The month of aadi in the Thamizh calendar starts mid July , and ushers in a series of festivals, culminating in Diwali, some months later. Aadi is a holy month, dedicated to the Gods, and ceremonies like weddings and other festivities are not conducted in this month (maybe in order to not detract from its religious flavour?). The first of Aadi is considered a festive day, and is celebrated with a feast and a visit to the temple. It has a special significance for newlyweds, but I am not dwelling on it here.

This year the first religious festival in Aadi was Varalakshmi Pooja, a pooja for women. This pooja is special because it is performed only in families which have been observing it. To join this fraternity, women may take the pooja from someone already conducting it. Women perform it with great devotion and fervour, creating the image of the goddess out of a kalasam, decorating it, and placing her in a specially decorated mandapam created for the purpose.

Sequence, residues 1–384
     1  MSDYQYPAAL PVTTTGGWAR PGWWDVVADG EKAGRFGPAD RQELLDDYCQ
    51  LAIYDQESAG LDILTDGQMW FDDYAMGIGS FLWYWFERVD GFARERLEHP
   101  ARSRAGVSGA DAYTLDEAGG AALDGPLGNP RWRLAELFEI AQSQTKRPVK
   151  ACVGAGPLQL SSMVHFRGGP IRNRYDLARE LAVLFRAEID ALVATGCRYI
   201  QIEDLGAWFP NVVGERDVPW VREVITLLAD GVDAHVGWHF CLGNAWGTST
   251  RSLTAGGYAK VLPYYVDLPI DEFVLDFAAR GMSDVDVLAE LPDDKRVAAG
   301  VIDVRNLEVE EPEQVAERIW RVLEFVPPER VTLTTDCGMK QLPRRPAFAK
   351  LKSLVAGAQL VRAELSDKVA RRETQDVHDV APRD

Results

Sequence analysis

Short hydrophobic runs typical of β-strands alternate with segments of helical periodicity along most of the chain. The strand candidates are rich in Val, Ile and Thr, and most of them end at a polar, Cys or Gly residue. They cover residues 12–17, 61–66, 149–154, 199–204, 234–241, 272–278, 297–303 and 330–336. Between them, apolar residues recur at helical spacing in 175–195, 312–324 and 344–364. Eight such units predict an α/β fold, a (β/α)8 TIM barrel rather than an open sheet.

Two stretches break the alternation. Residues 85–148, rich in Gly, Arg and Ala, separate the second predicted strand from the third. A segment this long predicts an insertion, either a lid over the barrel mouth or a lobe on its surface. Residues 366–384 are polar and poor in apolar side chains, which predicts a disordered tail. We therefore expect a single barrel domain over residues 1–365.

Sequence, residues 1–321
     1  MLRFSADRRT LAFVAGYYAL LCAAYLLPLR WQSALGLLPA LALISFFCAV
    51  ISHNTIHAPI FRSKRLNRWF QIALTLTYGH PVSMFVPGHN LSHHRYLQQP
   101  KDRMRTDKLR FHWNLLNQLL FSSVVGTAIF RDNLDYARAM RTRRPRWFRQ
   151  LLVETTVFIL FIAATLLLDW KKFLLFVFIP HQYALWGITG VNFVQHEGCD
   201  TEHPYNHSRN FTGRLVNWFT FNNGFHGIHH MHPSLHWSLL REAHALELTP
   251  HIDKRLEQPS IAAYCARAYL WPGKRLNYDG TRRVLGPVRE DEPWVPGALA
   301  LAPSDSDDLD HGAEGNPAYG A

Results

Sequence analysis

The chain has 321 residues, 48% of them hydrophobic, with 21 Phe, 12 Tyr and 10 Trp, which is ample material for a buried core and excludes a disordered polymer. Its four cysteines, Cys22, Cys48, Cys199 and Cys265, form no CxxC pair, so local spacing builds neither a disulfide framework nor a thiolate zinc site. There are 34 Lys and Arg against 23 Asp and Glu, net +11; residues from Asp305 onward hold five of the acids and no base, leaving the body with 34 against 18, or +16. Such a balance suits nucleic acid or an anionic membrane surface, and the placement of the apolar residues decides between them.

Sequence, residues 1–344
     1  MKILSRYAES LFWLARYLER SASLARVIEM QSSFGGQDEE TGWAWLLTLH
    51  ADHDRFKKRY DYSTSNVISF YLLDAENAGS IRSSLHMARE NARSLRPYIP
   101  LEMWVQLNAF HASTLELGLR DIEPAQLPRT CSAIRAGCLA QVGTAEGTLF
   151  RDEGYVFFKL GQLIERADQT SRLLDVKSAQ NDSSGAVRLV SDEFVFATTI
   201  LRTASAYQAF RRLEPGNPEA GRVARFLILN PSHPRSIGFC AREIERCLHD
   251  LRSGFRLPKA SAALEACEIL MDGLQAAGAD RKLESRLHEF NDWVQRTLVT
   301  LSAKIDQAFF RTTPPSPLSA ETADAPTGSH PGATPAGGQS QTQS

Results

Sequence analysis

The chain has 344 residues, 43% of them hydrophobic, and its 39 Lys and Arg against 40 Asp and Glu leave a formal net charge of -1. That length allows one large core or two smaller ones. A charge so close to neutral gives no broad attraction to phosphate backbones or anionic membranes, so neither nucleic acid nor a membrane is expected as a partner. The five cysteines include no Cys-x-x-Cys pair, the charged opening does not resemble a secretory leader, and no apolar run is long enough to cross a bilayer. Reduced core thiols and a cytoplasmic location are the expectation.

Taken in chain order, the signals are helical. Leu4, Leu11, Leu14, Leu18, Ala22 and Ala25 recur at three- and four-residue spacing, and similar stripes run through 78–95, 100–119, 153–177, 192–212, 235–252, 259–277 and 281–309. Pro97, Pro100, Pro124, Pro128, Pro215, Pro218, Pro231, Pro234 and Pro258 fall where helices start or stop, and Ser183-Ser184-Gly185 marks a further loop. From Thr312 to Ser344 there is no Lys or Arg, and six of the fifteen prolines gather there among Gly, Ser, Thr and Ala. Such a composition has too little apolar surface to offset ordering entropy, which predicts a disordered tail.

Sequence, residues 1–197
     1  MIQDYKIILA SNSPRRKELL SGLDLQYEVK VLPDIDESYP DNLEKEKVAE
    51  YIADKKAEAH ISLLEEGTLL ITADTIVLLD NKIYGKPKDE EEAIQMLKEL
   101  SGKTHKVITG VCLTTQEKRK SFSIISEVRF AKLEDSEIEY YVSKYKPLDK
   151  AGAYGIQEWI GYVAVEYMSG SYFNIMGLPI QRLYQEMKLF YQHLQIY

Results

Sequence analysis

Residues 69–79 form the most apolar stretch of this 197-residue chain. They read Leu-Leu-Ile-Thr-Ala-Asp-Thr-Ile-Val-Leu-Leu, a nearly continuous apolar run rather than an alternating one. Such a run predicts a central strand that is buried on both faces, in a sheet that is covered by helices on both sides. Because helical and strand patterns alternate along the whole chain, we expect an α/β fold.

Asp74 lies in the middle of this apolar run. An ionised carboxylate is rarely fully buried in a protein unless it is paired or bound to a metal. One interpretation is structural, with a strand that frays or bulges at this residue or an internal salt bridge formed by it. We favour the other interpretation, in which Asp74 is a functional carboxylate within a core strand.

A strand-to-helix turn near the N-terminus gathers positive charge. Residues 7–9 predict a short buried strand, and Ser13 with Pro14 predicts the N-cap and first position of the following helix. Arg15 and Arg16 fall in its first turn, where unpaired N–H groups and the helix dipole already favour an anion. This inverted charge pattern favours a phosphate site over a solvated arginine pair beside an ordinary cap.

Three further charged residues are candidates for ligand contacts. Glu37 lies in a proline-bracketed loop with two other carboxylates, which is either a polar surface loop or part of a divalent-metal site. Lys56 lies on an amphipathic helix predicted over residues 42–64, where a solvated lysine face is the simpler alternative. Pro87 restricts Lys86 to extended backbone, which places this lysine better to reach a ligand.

Then there is the 'aadi perukku', or 'Pathinettam perukku', on the 18th of Aadi. This is the day when the river Kaveri is in fullest flow after the rains, and rolls merrily down. My mother-in-law, who belonged to the Thanjavur district, the lifeblood of which is the Kaveri, used to tell me that people in the area would go to the banks of the Kaveri to worship her and enjoy the day – a kind of picnic. A meal would be prepared, as offerings to the river goddess, mainly of mixed varieties of rice, - lemon rice, coconut rice, curd rice, and a sweet rice - quick to prepare and eliminating the need for a curry. We still follow the system of preparing the offerings, though there is no Kaveri here in Chennai, and enjoy the prasadam.